start trend with sperm banks
SAN DIEGO - Terry Turner and Patrick Atwell are soldiers who live on opposite sides of the country. Both are in their 30s and intend to have children some day. Both are on their way to the Middle East. And both banked their sperm before shipping out.
They are among dozens who have hastily taken that action – often at the urging of their wife or girlfriend - before being deployed, according to several labs that specialize in storing sperm.
The trend started around November when troops began going to the Middle East in preparation for a possible war against Iraq. And it's fueled by stories of men who came home from the previous Gulf War with various illnesses, including the inability to have children, lab managers say.
"It was something I was happy to do, to give my wife peace of mind," says Turner, 30, a sergeant in the Army Reserve who lives in Annapolis, Md.
"My fiance is a nurse, and she thought it would be a good thing to do," says Atwell, 35, a sergeant in the Army National Guard who lives in Corcoran, Calif., near Fresno.
Both men say it's fear of infertility, not death, that led them to a room in a cryonics lab, where they produced semen that was frozen in liquid nitrogen.
The men must designate who will take custody of the sperm in the event of their death.
"I did it mainly because I was getting the anthrax and smallpox vaccinations. And there's no telling what chemicals I might be exposed to," says Turner, a Baltimore police officer. "I know I'm in good health prior to leaving. So now we have something to refer to, a marker, if we need it later."
Numerous studies have been conducted to determine what caused the sickness experienced by thousands of veterans of the 1991 Gulf War. But so far there is no definitive answer. The military has said it could be stress, while the veterans attribute it to a combination of vaccines, pesticides and chemical exposure.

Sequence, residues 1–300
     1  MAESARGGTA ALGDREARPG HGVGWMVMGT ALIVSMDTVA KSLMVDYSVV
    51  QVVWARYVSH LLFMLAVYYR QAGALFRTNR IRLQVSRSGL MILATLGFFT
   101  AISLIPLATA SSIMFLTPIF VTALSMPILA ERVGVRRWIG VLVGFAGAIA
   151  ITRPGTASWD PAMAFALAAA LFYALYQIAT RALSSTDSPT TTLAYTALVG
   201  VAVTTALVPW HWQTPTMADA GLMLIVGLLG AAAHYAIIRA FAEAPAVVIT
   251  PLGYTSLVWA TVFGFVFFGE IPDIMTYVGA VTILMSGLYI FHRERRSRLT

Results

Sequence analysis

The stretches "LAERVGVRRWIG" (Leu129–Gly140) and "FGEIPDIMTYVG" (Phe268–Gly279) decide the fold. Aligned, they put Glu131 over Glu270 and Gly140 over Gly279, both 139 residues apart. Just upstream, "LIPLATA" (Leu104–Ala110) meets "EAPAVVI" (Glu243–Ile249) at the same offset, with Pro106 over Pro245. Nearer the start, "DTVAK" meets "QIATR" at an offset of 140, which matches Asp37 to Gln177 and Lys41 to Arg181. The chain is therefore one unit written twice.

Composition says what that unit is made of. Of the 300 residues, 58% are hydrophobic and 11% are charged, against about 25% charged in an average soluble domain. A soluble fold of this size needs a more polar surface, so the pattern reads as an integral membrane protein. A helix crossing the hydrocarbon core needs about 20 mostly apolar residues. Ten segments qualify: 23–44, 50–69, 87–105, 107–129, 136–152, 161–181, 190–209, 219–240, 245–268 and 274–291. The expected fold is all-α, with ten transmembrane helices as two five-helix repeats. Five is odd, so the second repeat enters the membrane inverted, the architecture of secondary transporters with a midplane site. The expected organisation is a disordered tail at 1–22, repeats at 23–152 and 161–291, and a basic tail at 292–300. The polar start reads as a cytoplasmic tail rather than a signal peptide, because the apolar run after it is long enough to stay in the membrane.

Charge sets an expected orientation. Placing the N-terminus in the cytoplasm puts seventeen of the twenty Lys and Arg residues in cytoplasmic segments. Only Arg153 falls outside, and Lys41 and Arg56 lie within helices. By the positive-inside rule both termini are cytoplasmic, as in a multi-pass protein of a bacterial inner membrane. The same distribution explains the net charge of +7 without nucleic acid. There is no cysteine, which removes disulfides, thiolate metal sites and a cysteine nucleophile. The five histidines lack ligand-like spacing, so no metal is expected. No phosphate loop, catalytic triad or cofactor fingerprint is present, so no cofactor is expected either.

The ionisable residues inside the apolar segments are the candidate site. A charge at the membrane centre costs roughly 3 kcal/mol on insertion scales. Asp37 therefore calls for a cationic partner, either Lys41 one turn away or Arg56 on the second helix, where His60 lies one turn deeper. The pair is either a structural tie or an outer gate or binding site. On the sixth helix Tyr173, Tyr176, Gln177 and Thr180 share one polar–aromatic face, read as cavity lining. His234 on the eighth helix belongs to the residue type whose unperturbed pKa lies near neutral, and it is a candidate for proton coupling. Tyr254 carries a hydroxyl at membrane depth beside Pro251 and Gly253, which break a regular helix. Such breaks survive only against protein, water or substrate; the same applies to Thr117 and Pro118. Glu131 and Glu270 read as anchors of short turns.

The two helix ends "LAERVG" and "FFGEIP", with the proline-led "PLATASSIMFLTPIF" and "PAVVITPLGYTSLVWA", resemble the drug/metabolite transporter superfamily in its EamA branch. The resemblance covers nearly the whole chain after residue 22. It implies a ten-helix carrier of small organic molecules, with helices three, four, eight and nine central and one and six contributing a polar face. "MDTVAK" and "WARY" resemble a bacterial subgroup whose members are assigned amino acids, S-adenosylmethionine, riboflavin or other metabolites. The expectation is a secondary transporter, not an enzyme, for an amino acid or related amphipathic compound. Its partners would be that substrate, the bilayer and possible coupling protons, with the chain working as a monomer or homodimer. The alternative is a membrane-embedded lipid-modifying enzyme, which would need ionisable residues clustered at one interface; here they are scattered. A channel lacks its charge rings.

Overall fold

Atwell says no one in the military's leadership is addressing the health fears that many men are experiencing as troops return to the Middle East - and perhaps to the same conditions that caused the Gulf War illnesses 12 years ago.
"They do tell you that there's a possibility you may be exposed to chemical and biological agents," he says. "But there is no written packet of information."
The military is not talking about infertility or advising precautions - such as the storing of sperm - because "family planning is deeply personal," says Michael Kilpatrick of the military's Deployment Health Support department. He also says there's no scientific evidence that men who served in the Gulf are at greater risk of becoming infertile.
A recent study by Duke University says that some rats exposed simultaneously to three chemicals used in the Persian Gulf became sterile. But Kilpatrick maintains that Gulf War soldiers were not exposed to all three chemicals at the same time.
"There was (another) major study that looked at birth rates. And Gulf War veterans had a higher rate of birth of children than military men who did not go to war," Kilpatrick says.
There are "residual questions about men's health" from the Gulf War, says Brent Hazelrigg, director of Fairfax Cryobank in Fairfax, Va., the lab Turner used.
The lab has been trying to tell military men that storing sperm is a reasonable precaution since the United States starting sending troops to Afghanistan after the Sept. 11, 2001, terrorist attacks, Hazelrigg says.
"It seems to be going through the grapevine," says Nolberto Delgadillo of California Cryobank, the nation's largest sperm storage facility.
Generally, the military men Delgadillo talks to are in committed relationships and are 23-32. He says they are in all branches of the service.
"Most of the time, it's the wife or girlfriend who gives us the call," he says. "They want to bank the sperm before the smallpox and anthrax vaccinations. And they're concerned because they've heard stories of men coming back from the Gulf and not being 100%, whether due to the vaccinations or to chemical and biological agents they were exposed to."
Those were the concerns that motivated Angela Cruz, 36, a nurse. She made the appointment for Atwell, her fiance who is scheduled to deploy in the next two weeks.
Andrea Turner made the appointment for her husband, Terry, at Fairfax Cryobank, just two days before he left for the Middle East.
"I did it because of all the stuff that may or may not occur," says Andrea, 30, a physicist. "He was getting vaccinated. And there could be biological warfare. We don't have any children, and we want children. Maybe I'm a little too cautious. But I thought that this would be a reasonable thing to do."
refusing to kill